So thrilled to have my book featured in the Wall Street Journal! Love this line: “[Chloe’s mother] shows how a decent person behaves with someone who has less than almost everything–except imagination.”
The full article follows. “The Rough Patch” sounds like a great picture book, too, doesn’t it?
‘Some day they’ll go down together; / They’ll bury them side by side; / To few it’ll be grief— / To the law a relief— / But it’s death for Bonnie and Clyde.” Thus read the last stanza of a poem eulogizing the outlaws Bonnie Parker and Clyde Barrow, written by the gun moll herself. The poem appeared in a Dallas newspaper on May 23, 1934, the day the couple died in a police ambush in Louisiana. For the previous two years, the lovers and their confederates in the Barrow Gang had lived on the run, robbing banks, stealing cars and killing. For all their depredations, the young, attractive, snappily dressed pair captured the public imagination almost as soon as they started shooting.
Attitudes toward the bandits have fluctuated over the years, but as Karen Blumenthal notes in “Bonnie and Clyde: The Making of a Legend” (Viking, 250 pages, $19.99), the public has never ceased “to be fascinated by an otherwise ordinary couple gone rotten.” In this fast-paced nonfiction account for readers ages 12-16, the author explores Clyde’s youthful criminality and radicalization in a Texas prison and Bonnie’s early years as a theatrical, hot-tempered child (and teen bride), and maps the gang’s murderous spree across America. She also follows faltering police efforts to catch them in an era when, as she writes, “crime investigation was still in its infancy.”
Even at the time, the showiness of the criminals overshadowed the men they killed, who included grocers, deliverymen and small-town sheriff’s deputies. “It’s like we don’t even count,” the widow of one victim complained. “Glorifying these killers insults all of us.”
Children’s books are full of imaginary worlds, from Wonderland to Narnia to the Hundred-Acre Wood. In “The Land of Neverendings” (Delacorte, 243 pages, $16.99), 12-year-old Emily uses stories to transport her disabled sister Holly to a place of her own invention, the magical realm of Smockeroon, where the goings-on are “narrated” by Holly’s stuffed bear, Bluey. But, as Kate Saunders writes, “when Holly died, Bluey suddenly fell silent and all the lights went out in Smockeroon.”
Three months later, still bereft, Emily begins writing down bits of Bluey’s old stories. Soon she’s dreaming about the bear and her sister as if their adventures are continuing, and then one night, to her amazement, talking toys from Smockeroon appear in Holly’s empty bedroom. What has happened to the barrier between reality and imagination? And does it mean that Emily could see her sister and Bluey again? Suffused with longing and dappled with humor, this novel from the author of “Five Children on the Western Front” (2016) explores the limits of grief and the lasting power of storytelling.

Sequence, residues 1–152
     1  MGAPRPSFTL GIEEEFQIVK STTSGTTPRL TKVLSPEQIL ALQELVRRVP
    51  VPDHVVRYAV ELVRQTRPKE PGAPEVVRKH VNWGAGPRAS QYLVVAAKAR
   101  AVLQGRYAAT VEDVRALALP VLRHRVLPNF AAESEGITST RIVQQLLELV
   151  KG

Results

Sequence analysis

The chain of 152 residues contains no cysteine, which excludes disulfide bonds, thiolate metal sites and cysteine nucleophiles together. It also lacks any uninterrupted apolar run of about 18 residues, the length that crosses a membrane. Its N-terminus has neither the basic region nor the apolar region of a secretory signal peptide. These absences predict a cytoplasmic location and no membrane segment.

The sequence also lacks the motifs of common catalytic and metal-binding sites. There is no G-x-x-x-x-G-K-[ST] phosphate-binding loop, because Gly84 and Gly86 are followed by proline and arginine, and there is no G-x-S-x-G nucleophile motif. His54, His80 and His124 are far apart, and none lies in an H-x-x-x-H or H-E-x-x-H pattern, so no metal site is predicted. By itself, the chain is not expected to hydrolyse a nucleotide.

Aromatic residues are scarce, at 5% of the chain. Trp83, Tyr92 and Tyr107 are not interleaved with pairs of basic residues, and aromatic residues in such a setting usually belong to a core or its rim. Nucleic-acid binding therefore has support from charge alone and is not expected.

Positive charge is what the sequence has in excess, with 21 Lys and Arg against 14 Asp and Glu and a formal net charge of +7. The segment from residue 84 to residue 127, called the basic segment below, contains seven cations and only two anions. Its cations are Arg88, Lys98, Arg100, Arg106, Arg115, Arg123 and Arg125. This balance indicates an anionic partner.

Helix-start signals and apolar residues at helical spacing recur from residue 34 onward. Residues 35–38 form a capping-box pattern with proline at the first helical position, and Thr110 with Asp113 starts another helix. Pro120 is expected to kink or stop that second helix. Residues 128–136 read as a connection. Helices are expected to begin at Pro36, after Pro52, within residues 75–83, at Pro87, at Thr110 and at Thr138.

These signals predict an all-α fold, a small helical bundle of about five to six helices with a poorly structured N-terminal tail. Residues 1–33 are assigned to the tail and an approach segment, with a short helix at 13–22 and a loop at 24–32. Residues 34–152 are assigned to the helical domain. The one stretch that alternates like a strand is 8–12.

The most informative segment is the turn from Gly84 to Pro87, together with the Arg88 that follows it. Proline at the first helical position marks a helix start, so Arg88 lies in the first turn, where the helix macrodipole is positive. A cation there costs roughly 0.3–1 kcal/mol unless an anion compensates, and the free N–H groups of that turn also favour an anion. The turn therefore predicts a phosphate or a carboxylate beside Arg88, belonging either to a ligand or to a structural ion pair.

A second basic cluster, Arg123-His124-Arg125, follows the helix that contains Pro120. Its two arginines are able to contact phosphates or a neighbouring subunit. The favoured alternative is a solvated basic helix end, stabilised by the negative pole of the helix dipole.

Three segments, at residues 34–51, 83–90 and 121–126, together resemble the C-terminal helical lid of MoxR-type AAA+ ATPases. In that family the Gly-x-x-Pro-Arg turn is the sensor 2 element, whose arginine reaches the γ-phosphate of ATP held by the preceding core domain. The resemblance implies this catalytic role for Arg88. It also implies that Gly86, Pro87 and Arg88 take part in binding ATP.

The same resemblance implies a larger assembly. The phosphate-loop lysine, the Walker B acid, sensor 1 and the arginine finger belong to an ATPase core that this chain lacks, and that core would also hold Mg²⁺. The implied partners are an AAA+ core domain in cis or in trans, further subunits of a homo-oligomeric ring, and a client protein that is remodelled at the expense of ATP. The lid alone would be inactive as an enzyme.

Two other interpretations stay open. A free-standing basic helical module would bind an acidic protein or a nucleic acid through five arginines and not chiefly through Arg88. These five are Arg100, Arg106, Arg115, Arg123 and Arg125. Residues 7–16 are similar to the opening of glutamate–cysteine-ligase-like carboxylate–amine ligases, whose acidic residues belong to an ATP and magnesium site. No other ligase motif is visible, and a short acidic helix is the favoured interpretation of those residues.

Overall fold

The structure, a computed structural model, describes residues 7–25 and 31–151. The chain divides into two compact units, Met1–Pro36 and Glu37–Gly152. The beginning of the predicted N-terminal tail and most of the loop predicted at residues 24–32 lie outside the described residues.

Grief is the watchword—though it’s never stated—in “The Rough Patch” (Greenwillow, 40 pages, $17.99), a weepy and wonderful picture book by Brian Lies. “Evan and his dog did everything together,” we read as we see, in Mr. Lies’s sharp-focused pictures (see left), a bespectacled fox in overalls enjoying life with his pet: playing ball, eating ice cream and, best of all, working in the garden. “But one day, the unthinkable happened.”
Children ages 4-8 may be able to handle the shadowed illustration of Evan kneeling beside his dead friend, but any dog-loving adult reading this book aloud had better be ready for the waterworks. As Evan’s sorrow turns to rage and then destruction, the reader watches with distress and then with rising hope as the garden, with time, offers the grief-stricken fox a way back to happiness.
Marcy Campbell’s picture book “Adrian Simcox Does NOT Have a Horse” (Dial, 40 pages, $17.99) doesn’t yank the heartstrings with quite such a wrench, but it’s affecting all the same. Readers who have loved Eleanor Estes’s 1944 book, “The Hundred Dresses,” will suspect the painful truth behind the horse-owning boasts of a daydreamer named Adrian Simcox. And they will understand the misplaced indignation of the narrator, Chloe, who insists that Adrian must be lying. “He lives in town like me, and I know you can’t have a horse in town,” she tells anyone who will listen. When her mother asks how Chloe can be so sure, the girl explodes: “Because I know! Adrian Simcox does NOT have a horse! Adrian Simcox gets the free lunch at school. His shoes have holes. Kelsey told me her cousin has a horse, and it’s super expensive. He can’t take care of a horse.”
Exasperated by the patience of teachers and other kids, Chloe humiliates Adrian in front of everyone. In Corinna Luyken’s otherwise lush illustrations, that scene is bare and stark. Empathetic readers ages 5-9 will be rooting for Chloe’s mother, who, when she gets wind of developments, marches her daughter into the poorer side of town and shows how a decent person behaves with someone who has less of almost everything—except imagination.